Background It is unclear whether achieving multiple risk factor (RF) goals through protocol-guided intensive medical therapy is feasible or improves outcomes in type 2 diabetes mellitus. Objectives This study sought to quantify the relationship between achieved RF goals in the BARI 2D (Bypass Angioplasty Investigation Revascularization 2 Diabetes) trial and cardiovascular events/survival. Methods We performed a nonrandomized analysis of survival/cardiovascular events and control of 6 RFs (no smoking, non-high-density lipoprotein cholesterol <130 mg/dl, triglycerides <150 mg/dl, blood pressure [systolic <130 mm Hg; diastolic <80 mm Hg], glycosylated hemoglobin <7%) in BARI 2D. Cox models with time-varying number of RFs in control were adjusted for baseline number of RFs in control, clinical characteristics, and trial randomization assignments. Results In 2,265 patients (mean age 62 years, 29% women) followed up for 5 years, the mean ± SD number of RFs in control improved from 3.5 ± 1.4 at baseline to 4.2 ± 1.3 at 5 years (p < 0.0001). The number of RFs in control during the trial was strongly related to death (global p = 0.0010) and the composite of death, myocardial infarction, and stroke (global p = 0.0035) in fully adjusted models. Participants with 0 to 2 RFs in control during follow-up had a 2-fold higher risk of death (hazard ratio: 2.0; 95% confidence interval: 1.3 to 3.3; p = 0.0031) and a 1.7-fold higher risk of the composite endpoint (hazard ratio: 1.7; 95% confidence interval: 1.2 to 2.5; p = 0.0043), compared with those with 6 RFs in control. Conclusions Simultaneous control of multiple RFs through protocol-guided intensive medical therapy is feasible and relates to cardiovascular morbidity and mortality in patients with coronary disease and type 2 diabetes mellitus. (Bypass Angioplasty Revascularization Investigation in Type 2 Diabetes [BARI 2D]; NCT00006305)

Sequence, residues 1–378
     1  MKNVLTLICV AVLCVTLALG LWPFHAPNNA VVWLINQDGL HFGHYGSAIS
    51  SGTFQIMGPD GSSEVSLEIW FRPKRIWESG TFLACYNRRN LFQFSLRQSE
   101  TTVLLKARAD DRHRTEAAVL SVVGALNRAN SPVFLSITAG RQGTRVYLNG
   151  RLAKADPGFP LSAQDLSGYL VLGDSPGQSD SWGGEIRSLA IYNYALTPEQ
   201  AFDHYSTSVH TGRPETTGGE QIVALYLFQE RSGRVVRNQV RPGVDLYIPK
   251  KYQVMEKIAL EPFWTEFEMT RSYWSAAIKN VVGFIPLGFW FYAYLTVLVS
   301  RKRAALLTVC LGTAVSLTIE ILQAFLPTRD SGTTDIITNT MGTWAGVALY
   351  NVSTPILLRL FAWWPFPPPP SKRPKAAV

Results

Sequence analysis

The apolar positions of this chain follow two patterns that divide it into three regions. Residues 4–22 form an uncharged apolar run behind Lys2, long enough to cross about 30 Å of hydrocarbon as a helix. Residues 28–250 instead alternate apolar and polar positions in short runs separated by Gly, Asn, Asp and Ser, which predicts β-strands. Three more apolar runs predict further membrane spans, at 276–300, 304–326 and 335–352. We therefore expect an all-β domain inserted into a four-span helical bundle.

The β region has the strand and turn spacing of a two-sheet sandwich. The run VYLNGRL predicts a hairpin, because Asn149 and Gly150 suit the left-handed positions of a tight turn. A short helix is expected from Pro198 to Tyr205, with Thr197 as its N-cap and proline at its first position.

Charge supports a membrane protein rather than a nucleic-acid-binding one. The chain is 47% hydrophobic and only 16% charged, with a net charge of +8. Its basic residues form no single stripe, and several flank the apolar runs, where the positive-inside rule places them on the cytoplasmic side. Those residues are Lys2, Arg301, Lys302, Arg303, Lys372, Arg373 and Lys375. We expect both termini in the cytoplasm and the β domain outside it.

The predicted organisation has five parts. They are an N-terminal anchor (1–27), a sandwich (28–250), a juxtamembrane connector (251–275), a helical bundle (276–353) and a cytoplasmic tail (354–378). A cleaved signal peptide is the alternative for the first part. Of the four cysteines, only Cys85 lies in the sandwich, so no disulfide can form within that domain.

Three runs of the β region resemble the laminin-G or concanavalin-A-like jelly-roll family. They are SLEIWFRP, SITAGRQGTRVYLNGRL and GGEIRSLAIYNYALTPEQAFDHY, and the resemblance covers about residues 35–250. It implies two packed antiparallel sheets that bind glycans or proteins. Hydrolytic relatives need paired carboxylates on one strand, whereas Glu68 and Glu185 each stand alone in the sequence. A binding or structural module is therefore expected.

Bibliographical noteFunding Information:
The BARI 2D (Bypass Angioplasty Revascularization Investigation 2 Diabetes) trial was funded by the National Heart, Lung, and Blood Institute and the National Institute of Diabetes and Digestive and Kidney Diseases ( U01 HL061744 , U01 HL061746 , U01 HL061748 , U01 HL063804 , and R21 HL121495 ). BARI 2D received significant supplemental funding provided by: GlaxoSmithKline, Lantheus Medical Imaging Inc. (formerly Bristol-Myers Squibb Medical Imaging Inc.), Astellas Pharma US Inc., Merck & Co., Inc., Abbott Laboratories Inc., and Pfizer Inc. Generous support was given by Abbott Laboratories Ltd., MediSense Products, Bayer Diagnostics, Becton, Dickinson and Company, J.R. Carlson Labs, Centocor Inc., Eli Lilly and Company, LipoScience Inc., Merck Sante, Novartis Pharmaceuticals Corporation, and Novo Nordisk Inc. Dr. Bittner has received research support from the National Institutes of Health, Amgen, Bayer Healthcare, Janssen Pharmaceuticals, Pfizer, and Sanofi; and has served on advisory panels for Amgen and Eli Lilly. Dr. Farkouh has received research support from Amgen, Boston Scientific, Bristol-Myers Squibb, Cordis, Eli Lilly, and Sanofi. Dr. Rutter has received grant support from GlaxoSmithKline, Eli Lilly and Company, and Novo Nordisk. All other authors have reported that they have no relationships relevant to the contents of this paper to disclose.
© 2015 American College of Cardiology Foundation.
- blood pressure
- coronary heart disease
- diabetes mellitus
- glycosylated hemoglobin A